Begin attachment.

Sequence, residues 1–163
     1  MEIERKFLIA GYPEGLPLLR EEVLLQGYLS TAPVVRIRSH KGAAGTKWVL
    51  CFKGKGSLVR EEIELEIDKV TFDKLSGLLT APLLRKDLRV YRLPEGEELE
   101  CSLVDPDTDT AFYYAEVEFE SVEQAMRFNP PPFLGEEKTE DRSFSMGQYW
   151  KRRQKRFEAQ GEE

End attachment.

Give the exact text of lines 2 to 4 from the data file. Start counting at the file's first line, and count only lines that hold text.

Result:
     1  MEIERKFLIA GYPEGLPLLR EEVLLQGYLS TAPVVRIRSH KGAAGTKWVL
    51  CFKGKGSLVR EEIELEIDKV TFDKLSGLLT APLLRKDLRV YRLPEGEELE
   101  CSLVDPDTDT AFYYAEVEFE SVEQAMRFNP PPFLGEEKTE DRSFSMGQYW